Unfortunately, if your parents are against the idea of you modelling, it will prevent you from starting your career. It might be worthwhile having a conversation with your mum and dad about their reasons why they are uncertain about your career choice.

Show them you are serious about modelling by doing research and providing facts. A chat might change their mind or at least think about it. It could be due to your safety, money or time so a calm chat may be very beneficial. Do not get angry or have a tantrum, as this will make matters worse. If they stick to their ground, use this time wisely by practicing posing (set up a mock photoshoot), saving pocket money for a portfolio and gaining experience with friends.


Under no circumstances should you go ahead with your dream regardless as this could be extremely dangerous. As we previously mentioned companies or agencies that will work with you without your parents approval are to be avoided. They are not working to the rules of the industry and are most likely predators trying to get money from you or inappropriate pictures. If you are contacted on social media please ignore their messages.

What to Do If You Have Pushy Parents

On the other side, are parents who push their children too much, living their dreams through their son or daughter. If you are finding it too pressurising you need to speak to your mum and dad to explain your feelings. They may be unaware of how you feel and apologise for booking too many jobs leaving you exhausted or getting angry if you do something slightly wrong. There is nothing worse than having an argument with your parents yet if they do not listen you will have to simply refuse to do certain jobs.

Child modelling is a partnership with both you and your parent. Each side should be happy with how the journey is going and both consulted on what is happening next. Explain to your mum and dad, it’s not that you don’t want to model yet you would like to cut back so you have time to study and see friends. A good work ethic and dedication is needed to succeed in the industry but there is a limit. Young models should only work a set amount of hours a week to avoid exhaustion and fatigue. It can be a lot to juggle with school to concentrate on too.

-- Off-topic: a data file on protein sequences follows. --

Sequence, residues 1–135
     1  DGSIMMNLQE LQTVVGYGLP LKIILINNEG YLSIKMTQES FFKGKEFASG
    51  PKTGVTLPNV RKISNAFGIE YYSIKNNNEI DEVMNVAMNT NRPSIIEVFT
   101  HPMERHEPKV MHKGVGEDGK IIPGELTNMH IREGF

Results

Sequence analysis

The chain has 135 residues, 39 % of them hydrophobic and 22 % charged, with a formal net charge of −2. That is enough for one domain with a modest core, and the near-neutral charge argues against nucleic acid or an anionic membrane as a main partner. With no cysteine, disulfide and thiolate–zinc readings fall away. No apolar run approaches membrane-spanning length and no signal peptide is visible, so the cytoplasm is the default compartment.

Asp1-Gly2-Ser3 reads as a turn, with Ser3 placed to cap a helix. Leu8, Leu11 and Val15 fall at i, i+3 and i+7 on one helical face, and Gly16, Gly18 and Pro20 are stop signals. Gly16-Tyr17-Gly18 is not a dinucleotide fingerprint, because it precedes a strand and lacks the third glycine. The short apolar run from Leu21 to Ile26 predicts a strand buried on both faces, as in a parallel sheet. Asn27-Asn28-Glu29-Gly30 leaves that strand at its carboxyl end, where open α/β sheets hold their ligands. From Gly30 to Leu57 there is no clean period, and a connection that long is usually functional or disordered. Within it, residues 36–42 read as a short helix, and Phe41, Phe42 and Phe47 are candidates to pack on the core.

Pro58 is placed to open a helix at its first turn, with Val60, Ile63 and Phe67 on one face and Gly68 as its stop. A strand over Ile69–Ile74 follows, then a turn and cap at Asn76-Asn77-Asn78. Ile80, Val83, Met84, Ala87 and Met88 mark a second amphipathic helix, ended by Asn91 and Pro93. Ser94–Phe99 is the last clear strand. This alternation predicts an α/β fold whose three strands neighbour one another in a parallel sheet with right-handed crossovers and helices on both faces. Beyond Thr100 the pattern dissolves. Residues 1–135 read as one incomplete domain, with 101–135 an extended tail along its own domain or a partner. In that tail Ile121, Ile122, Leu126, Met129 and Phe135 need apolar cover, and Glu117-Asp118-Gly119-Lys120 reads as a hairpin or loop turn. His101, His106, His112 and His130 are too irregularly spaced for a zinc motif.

To Sign or Not to Sign?

If you are unsure whether to sign a contract or not, it is best to give yourself more time. Entering a new industry with little knowledge or experience in the modelling world it is important to not panic and sign. There may be hidden clauses that you didn’t pick up on or jargon that you don’t understand. Never feel pressured to put your child at risk. Get a second or third opinion and seek professional advice. They will be able to point out things that you didn’t think of or clear up your worries.

Legal jargon can be difficult to understand so it is important that you get it cleared up before signing on the dotted line. Keeping your child safe is your number one priority. Therefore, understanding the jargon is your top priority. Do not be persuaded otherwise. There are many con artists who may try to convince you but trust your instincts and legal advice.

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Posted by Amy Bebbington

I express my love of fashion through writing, blogging and styling. My creative personality ensures that I produce unique and original work. I am a keen knitter and enthusiatic dancer.